"August 11, 1930

"Messrs. LEON A. GARCIA and NEMESIO MONTEVERDE

MY DEAR SIRS: Clarifying paragraphs 4 and 6 of our compromise agreement, I must inform you that in case the delay in the segregation of the lot is due to causes dependent upon the Director of Lands or the General Land Registration Office, it shall not affect the responsibility established in paragraphs 4 and 6.

"Respectfully yours,

(Sgd.) "J. MARTINEZ

"JOSE MARTINEZ DE SAN AGUSTIN

"203 Cabildo, Manila, P.I."cralaw virtua1aw library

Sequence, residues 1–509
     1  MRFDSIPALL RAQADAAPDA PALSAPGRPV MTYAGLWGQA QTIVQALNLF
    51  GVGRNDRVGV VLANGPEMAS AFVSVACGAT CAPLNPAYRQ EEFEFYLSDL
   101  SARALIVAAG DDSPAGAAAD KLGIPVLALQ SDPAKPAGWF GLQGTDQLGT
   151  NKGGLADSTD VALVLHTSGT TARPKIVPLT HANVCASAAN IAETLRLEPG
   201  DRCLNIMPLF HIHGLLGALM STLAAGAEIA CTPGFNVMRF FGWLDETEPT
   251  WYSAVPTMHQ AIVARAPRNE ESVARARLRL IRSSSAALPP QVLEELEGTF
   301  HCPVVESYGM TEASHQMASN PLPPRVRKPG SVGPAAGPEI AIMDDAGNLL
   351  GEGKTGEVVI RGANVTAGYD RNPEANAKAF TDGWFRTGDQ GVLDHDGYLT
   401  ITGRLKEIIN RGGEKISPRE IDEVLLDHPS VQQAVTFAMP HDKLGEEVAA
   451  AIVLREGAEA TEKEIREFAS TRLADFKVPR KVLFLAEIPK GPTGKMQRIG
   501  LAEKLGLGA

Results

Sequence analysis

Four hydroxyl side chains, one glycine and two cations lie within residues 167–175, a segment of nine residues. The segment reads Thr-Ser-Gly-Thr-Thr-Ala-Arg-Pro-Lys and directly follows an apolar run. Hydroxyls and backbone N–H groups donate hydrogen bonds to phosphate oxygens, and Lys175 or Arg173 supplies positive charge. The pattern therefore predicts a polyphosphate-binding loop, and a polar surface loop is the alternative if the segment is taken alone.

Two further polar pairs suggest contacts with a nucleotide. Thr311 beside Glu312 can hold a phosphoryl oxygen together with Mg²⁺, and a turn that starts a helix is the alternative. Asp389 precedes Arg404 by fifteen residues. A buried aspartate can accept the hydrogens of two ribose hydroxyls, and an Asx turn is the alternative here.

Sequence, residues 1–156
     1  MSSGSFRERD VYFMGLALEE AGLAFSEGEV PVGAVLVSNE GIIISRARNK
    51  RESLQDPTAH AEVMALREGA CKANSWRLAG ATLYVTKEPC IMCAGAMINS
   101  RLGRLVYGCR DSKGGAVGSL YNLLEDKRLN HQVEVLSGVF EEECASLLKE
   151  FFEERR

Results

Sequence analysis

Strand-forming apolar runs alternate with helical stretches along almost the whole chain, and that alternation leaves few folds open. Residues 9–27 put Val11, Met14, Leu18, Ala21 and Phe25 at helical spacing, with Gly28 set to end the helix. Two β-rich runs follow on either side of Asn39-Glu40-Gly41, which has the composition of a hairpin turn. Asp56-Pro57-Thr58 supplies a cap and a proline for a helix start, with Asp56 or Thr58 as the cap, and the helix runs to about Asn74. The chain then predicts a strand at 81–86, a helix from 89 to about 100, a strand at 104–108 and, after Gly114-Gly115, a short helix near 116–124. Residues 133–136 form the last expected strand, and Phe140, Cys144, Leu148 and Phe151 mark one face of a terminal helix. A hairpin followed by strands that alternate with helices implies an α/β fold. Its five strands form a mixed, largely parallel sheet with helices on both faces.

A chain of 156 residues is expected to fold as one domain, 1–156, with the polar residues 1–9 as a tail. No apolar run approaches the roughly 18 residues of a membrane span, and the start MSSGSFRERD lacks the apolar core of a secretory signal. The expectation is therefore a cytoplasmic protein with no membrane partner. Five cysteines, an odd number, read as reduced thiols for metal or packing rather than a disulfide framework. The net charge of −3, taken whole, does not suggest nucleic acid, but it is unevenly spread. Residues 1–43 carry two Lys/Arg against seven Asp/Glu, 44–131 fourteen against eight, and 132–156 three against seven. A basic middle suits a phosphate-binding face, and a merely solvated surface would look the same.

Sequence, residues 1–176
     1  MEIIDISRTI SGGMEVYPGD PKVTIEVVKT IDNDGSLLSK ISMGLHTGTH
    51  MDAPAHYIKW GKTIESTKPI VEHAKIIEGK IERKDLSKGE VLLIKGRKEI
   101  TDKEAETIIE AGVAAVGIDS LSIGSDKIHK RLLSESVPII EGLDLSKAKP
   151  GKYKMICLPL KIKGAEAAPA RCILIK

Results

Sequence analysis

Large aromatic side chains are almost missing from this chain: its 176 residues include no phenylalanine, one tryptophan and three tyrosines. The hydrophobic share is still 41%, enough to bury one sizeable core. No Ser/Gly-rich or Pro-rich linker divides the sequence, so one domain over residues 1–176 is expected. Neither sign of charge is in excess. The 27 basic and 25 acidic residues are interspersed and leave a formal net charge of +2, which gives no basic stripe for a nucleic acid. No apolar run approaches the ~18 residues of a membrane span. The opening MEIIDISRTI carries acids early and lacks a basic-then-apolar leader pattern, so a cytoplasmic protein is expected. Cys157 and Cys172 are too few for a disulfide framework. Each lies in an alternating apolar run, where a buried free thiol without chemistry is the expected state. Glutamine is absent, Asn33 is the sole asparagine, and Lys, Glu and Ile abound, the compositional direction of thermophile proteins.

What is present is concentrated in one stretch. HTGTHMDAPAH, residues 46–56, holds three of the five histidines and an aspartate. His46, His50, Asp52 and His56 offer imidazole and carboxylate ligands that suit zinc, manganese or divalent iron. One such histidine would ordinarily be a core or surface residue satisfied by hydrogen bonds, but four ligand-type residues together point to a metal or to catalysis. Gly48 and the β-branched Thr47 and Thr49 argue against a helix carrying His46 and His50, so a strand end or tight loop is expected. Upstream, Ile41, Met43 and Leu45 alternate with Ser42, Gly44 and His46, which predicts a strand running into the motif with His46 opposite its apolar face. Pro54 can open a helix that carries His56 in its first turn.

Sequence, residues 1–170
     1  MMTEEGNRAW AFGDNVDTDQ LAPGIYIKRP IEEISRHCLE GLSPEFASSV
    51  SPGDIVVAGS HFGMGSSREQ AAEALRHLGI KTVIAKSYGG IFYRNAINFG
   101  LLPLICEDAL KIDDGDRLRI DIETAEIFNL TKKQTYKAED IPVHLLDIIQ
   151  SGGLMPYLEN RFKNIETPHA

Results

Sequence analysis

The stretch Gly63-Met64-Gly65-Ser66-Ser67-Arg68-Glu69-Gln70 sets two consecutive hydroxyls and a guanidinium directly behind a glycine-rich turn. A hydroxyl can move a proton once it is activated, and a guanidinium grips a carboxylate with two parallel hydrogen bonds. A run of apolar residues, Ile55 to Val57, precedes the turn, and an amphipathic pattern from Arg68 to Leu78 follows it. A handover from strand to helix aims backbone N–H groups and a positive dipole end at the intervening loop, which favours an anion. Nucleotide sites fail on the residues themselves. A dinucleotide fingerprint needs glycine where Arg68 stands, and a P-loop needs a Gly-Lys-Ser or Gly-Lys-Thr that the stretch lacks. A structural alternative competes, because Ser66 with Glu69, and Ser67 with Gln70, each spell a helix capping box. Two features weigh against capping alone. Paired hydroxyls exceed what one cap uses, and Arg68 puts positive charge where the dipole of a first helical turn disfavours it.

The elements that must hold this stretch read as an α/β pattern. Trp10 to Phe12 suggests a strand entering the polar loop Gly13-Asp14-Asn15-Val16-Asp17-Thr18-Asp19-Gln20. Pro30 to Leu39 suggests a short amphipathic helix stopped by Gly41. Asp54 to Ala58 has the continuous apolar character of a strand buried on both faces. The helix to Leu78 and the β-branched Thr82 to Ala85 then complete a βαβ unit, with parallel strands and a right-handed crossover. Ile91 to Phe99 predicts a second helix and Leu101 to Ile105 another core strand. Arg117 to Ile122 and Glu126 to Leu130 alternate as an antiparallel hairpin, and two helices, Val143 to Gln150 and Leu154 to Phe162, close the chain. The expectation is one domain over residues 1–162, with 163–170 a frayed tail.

As its principal reason for denying the motions to set aside the order of default and the judgment by default, the court, in its order of April 21, 1934, stated that the terms of the letter constituted no defense for the defendants because in reality they reinforced the stipulation in paragraph 6 of the compromise agreement. On May 8, 1934, the attorneys for the defendants filed a motion for reconsideration praying that the order of April 21, of said year be set aside. Upon the denial of this motion for reconsideration by another judge on the 12th of said month and year, the defendants excepted thereto and duly filed their bill of exceptions which was approved.